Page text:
Wednesday, December 3, 2008


Then the footsteps began. He thought it was the neighbor's cat, pacing endlessly back and forth, scrambling under tables and onto bookcases; they shared a wall, noises of that sort could pass through during the stillness of night. But the patter of feet was attended by scurrying, a scattering, rhythmic climbing sound, and then the smell.
The slightly sweet, rank smell of decay, accompanied by more scurrying. Squirrels had burrowed between the walls, and one had obviously not survived the relocation. The stench permeated everything, everywhere, and was inescapable. The landlord shrugged, said it would eventually go away, but between the constant scattering noises of feet and the fear of electrical wires spontaneously catching fire and the saturating smell of death he felt as caged in his apartment, spartan though it was, as he felt trapped in a diorama of Hades behind the butcher counter at work.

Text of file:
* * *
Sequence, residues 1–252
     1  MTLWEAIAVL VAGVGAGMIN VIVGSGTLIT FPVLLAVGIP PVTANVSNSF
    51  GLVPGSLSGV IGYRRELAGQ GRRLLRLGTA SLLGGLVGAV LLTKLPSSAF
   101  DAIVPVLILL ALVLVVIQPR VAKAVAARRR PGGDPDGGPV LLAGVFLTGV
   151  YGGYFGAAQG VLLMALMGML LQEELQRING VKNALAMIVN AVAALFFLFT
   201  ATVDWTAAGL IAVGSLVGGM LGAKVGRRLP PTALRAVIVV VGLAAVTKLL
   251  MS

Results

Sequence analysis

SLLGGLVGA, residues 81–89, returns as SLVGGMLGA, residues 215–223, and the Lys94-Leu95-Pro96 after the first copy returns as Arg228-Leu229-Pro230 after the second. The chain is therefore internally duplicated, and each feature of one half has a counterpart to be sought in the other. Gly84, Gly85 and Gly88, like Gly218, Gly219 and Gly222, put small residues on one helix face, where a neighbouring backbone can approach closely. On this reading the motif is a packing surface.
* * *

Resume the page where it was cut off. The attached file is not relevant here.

reading Literary History of Persia, the poetry of Attar

weather uncertain